Wednesday, January 4, 2012

French Onion Soup

I love hearty, meaty, bean-filled soups any time of the year, but if you asked me which my favorite was, you might be surprised to hear it's actually French Onion soup. Why a simple soup with next to nothing but onions in it? I don't know, but there is something comforting about a rich broth that for once isn't over-powered by vegetables or meat, with a layer of melted cheese on top.

Onions as a basis for soup is not a new concept, as they were cheap and easy to come by for the poor in all parts of the world. In fact, we can date onion soup back to 250 BC. The Persians and ancient Greeks recognized onions for their varied health benefits, such as anti-bacterial and anti-fungal properties, and as a result they nourished their foot soldiers with dried bits of bread soaking in an onion soup. However, King Louis XV is credited with the origination of the French Onion Soup. When the French King found himself at his hunting lodge with only onions, cheese and champagne, he put them together into a simple version of the French Onion soup we eat today.

I have been trying to find out where this recipe originated from, but without any luck. It's my favorite homemade version because it uses fresh herbs, beef stock and a little brandy. You can make this without the brandy, of course, but even just a touch of it brings out a quality in flavor that reminds me of the best restaurant French onion soups.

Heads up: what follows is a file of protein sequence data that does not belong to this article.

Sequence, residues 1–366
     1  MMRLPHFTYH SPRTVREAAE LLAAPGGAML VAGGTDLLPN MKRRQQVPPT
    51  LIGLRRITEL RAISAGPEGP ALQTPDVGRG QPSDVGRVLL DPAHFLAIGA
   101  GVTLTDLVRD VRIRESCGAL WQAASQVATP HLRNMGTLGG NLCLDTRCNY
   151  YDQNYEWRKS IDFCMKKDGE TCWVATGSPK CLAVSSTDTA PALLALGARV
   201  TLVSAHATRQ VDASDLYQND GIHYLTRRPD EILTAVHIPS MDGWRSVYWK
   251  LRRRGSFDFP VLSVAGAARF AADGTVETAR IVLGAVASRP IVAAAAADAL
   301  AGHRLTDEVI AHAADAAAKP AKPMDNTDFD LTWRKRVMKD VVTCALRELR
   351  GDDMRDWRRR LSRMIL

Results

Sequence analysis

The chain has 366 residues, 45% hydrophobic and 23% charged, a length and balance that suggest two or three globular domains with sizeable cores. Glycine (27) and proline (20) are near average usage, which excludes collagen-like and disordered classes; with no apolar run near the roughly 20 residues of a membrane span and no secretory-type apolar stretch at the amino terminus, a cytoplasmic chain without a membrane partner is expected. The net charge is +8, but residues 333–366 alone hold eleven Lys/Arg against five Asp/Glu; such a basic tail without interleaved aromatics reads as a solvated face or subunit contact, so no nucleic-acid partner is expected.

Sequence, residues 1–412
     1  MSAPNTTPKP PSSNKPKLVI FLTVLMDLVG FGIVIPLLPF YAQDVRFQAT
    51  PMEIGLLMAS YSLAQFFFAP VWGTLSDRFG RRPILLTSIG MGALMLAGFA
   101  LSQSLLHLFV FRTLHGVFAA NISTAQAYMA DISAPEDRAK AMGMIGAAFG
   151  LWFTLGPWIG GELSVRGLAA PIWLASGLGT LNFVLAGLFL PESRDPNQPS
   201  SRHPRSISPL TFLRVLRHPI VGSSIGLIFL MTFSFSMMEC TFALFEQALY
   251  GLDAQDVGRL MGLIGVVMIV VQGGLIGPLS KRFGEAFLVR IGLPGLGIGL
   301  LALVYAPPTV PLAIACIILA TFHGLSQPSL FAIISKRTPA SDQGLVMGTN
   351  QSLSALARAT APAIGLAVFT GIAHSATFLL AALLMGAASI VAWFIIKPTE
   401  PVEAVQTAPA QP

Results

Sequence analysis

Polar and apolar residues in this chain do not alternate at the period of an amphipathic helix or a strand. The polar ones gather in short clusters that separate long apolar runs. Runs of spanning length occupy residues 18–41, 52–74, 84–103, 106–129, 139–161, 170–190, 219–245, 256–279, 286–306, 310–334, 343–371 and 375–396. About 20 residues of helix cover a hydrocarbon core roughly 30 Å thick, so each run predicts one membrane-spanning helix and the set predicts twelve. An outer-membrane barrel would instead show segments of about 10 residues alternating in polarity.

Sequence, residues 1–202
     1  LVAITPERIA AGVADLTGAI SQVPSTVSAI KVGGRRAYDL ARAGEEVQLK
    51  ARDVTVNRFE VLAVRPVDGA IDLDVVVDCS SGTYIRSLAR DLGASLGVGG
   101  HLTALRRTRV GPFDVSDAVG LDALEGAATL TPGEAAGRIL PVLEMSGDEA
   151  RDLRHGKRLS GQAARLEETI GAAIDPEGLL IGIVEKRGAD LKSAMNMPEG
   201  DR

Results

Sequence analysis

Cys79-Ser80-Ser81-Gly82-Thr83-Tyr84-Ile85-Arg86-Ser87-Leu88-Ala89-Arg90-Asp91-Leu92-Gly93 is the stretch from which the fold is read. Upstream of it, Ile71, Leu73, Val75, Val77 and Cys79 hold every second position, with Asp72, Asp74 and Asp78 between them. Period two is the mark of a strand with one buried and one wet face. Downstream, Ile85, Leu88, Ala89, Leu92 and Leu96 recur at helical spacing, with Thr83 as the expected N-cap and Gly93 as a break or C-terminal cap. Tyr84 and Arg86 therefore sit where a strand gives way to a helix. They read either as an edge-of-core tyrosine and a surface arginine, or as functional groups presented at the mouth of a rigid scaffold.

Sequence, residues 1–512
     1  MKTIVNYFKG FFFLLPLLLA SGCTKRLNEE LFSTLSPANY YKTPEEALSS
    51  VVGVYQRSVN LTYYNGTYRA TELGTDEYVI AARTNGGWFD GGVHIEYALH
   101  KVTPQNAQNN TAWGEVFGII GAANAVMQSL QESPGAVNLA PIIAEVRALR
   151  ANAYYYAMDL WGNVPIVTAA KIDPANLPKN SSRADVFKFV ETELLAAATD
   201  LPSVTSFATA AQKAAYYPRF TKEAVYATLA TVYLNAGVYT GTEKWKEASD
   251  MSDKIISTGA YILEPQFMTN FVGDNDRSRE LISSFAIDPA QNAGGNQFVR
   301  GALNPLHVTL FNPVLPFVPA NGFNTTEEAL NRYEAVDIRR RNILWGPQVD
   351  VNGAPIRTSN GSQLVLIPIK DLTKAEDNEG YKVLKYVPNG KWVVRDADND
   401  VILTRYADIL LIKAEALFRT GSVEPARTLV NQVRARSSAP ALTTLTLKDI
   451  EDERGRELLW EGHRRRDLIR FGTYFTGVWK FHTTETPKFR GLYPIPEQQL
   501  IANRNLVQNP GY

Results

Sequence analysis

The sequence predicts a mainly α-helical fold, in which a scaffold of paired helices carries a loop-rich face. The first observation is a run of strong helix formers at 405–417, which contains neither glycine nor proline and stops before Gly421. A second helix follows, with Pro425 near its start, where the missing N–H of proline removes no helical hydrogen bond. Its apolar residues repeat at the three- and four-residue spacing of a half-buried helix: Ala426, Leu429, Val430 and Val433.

French Onion Soup

1 tablespoon butter
2 tablespoons extra virgin olive oil
4 large onions, finely sliced
5 garlic cloves
1 teaspoon sugar
1 Tablespoon fresh thyme (or a 1/2 teaspoon dried)
4 tablespoons flour
2 1/4 quarts beef stock
1/2 cup dry white wine
3 cups Gruyere or Swiss cheese, grated or sliced
2 tablespoons brandy (optional)
1 loaf French bread, sliced and toasted

In large, heavy-bottomed saucepan, heat butter and olive oil on medium high heat. Add onions and cook, stirring occasionally, for 20-40 minutes or until browned and caramelized. This step is an exercise in patience, but the flavor derived from properly caramelized onions is essential to this dish.

Putting 1 clove of garlic aside, finely chop the rest and add to the onions. Add sugar and thyme; reduce heat to a simmer and continue cooking for 15 minutes, stirring frequently. Sprinkle flour into the pan and stir until well-blended.

Stir in wine and beef stock and bring to a boil. Skim off foam, if needed. Lower heat and simmer 45 minutes. Add brandy, if desired.

Heat the oven on the high broiler setting and rub each slice of toasted French bread with reserved garlic. Place flame-proof soup bowls on a cookie sheet and fill 3/4 full with soup. Float a piece of toast in each bowl. Top with grated cheese, and broil 6 inches from the heat for 3-4 minutes. Let the cheese begin to melt and bubble. Serves 6.

1 comment:

  1. We love French Onion soup! I notice you have started to post again; really enjoy reading what you are up to. Wishing all the best for 2012.


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